Road to Athens: Olympics enlists R.Ph. for drug testing

August 9, 2004

Illinois pharmacist James Pohlman, Pharm.D., is headed to Athens in August to serve as the only American doping control officer during the Olympic Games.

 

BREAKING NEWS... In Depth

Road to Athens: Olympics enlists R.Ph. for drug testing

An Illinois pharmacist is packing his bags for a trip to the Olympic Games in Athens—not as a competitor, but as a doping control official to help make sure the athletic performances are not chemically enhanced with banned substances.

James J. Pohlman, Pharm.D., of Belvidere, Ill., was the only American selected by the Athens Organizing Committee to serve as a technical and doping control official for the doping control sector at the Summer Games. Joining an international team of 30 core individuals in the doping control sector, he has been assigned to the high-profile swimming events at the Olympic Aquatics Center from opening day, Aug. 13, through the 21st. The XXVIII Olympiad opens on Aug. 13 and runs until the Olympic torch is extinguished on Aug. 29.

A former athlete of self-described average ability, Pohlman has been a doping control officer with the U.S. Anti- Doping Agency (USADA) for a number of years. Throughout this year, and especially in the run-up to the Olympics, he has been involved with out-of-competition and event drug testing, including several U.S. Olympic Trials around the country.

"I think everyone has an accelerated interest in the Olympics when they come up," said Pohlman, whose professional background includes pharmacy management and clinical pharmacy directorship. "All of us want to see our own athletes excel, but I think it's important that you have a fair and equal playing field among the athletes. The high priority given to cleaning up banned substances in sports puts our role right in the forefront of those efforts."

Pohlman, who is board certified in pharmacotherapy, geriatrics, and disease management, as well as being a certified diabetes educator, declined to reveal precisely how drug testing is conducted. "Much of what we do is kept strictly confidential," he explained. "I can tell you that we'll be testing the athletes given certain selection criteria that have been set up for each sport."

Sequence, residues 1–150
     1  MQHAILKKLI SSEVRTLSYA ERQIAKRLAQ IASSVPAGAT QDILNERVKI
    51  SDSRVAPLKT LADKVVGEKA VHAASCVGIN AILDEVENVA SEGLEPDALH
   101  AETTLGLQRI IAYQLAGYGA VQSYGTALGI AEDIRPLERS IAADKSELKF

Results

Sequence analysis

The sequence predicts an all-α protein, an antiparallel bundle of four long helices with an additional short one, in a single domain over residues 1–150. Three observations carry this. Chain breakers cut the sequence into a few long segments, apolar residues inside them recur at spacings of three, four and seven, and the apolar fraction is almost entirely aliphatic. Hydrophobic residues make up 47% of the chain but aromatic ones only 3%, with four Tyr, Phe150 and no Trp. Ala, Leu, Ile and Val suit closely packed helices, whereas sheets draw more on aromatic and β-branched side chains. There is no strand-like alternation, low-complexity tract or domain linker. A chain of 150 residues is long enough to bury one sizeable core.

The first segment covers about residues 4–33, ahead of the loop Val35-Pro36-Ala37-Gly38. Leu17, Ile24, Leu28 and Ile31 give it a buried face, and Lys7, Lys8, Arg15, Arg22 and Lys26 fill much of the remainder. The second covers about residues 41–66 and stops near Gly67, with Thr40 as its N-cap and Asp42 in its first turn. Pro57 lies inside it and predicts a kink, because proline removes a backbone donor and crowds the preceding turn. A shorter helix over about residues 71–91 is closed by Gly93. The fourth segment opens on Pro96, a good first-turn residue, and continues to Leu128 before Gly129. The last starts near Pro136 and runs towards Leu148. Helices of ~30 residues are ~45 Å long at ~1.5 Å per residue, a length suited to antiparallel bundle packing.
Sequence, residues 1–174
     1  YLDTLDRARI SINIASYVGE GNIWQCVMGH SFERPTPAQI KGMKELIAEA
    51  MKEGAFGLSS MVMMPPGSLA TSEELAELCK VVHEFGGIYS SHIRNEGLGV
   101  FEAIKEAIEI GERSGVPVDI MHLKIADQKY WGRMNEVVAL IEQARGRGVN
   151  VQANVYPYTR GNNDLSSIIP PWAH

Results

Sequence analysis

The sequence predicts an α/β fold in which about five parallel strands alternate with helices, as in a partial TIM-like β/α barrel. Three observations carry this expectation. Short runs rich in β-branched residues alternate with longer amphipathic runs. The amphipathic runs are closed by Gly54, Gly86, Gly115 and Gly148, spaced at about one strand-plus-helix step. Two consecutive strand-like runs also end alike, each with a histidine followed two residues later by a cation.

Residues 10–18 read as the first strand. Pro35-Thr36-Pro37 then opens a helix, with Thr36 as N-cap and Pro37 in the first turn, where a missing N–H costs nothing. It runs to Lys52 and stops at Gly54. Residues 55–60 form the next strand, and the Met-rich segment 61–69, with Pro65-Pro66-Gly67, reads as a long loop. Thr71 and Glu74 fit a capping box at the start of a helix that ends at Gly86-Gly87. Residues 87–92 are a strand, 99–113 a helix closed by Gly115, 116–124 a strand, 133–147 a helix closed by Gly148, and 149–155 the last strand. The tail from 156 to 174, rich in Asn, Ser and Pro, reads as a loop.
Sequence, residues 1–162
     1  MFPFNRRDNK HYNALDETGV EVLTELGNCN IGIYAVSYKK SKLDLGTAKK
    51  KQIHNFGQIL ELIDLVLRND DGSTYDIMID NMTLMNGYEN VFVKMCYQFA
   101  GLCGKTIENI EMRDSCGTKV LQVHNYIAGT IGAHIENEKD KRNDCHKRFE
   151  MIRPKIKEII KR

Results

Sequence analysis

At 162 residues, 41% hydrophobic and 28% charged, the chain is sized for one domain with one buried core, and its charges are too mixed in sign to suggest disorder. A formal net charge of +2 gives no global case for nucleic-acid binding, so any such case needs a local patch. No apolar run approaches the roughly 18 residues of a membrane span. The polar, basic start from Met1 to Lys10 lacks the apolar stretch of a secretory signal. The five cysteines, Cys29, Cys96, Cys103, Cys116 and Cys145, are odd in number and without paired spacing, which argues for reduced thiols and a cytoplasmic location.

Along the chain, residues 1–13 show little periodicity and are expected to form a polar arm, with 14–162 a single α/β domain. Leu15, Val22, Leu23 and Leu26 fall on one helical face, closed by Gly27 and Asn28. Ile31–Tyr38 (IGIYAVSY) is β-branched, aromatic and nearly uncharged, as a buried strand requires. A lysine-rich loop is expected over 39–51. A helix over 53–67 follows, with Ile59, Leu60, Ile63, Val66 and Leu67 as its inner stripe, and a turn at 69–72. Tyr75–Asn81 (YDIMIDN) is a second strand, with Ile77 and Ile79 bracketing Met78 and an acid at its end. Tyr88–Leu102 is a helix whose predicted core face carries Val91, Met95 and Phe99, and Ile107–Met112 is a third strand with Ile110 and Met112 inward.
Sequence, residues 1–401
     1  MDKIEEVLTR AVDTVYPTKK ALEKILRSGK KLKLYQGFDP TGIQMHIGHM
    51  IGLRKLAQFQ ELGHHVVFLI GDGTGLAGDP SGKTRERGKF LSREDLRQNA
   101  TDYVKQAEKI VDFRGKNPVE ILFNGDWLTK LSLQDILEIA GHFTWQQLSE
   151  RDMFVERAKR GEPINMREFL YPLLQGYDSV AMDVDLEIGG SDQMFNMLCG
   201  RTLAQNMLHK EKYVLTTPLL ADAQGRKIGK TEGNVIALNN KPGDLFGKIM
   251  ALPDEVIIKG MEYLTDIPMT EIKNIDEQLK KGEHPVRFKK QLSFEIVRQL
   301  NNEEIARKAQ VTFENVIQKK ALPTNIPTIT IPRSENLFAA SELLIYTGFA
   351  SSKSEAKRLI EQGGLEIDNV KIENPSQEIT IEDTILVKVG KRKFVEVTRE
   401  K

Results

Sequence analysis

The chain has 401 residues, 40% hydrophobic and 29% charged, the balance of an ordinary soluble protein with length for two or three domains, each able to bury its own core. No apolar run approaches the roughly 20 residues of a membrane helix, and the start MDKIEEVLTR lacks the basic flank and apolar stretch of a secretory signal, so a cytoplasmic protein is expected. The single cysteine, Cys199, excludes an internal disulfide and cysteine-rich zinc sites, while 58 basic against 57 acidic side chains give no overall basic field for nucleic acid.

Pohlman's name and credentials had been submitted to the Athens committee, but it wasn't until the middle of June that he was notified he would be flying in August for his first trip to Greece. He will be staying in housing set up for international medical officials just outside the Olympic Village.

These days, the specter of terrorism hangs over any high-profile event, but Pohlman said he's not too concerned about safety inside the Olympics complex. "The security will be as tight or tighter than it was in Salt Lake City for the Winter Games," he said. "We have been given a warning about terrorism, and I will certainly have a heightened sense of alertness, especially being in a foreign country. I will probably get a good eye and neck workout while I'm there."

The downside of his Athens adventure is that Pohlman will miss celebrating his 25th wedding anniversary with his pharmacist wife, Holly, who has worked for Walgreen Co. for nearly 30 years. Since she's been poring over cruise brochures, he suspects there's going to be another trip in his near future.

Sharing her husband's excitement about his upcoming Athens assignment even though she won't be making the trip, Holly added, "His knowledge and technical expertise are just outstanding." The Pohlman's 10-year-old son, Robert, is also looking forward to Dad's big adventure, but for another reason. "We have always had a deal that for every two days I'm gone, he gets a present," Pohlman explained. "It looks like this one will require another suitcase."

Anyone interested in the banned substances and practices Pohlman and his fellow doping control officers will be trying to ferret out can check out the list at www.usantidoping.org/prohibited_sub/guide.asp.

Carol Ukens

 



Carol Ukens. Road to Athens: Olympics enlists R.Ph. for drug testing.

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Aug. 9, 2004;148:8.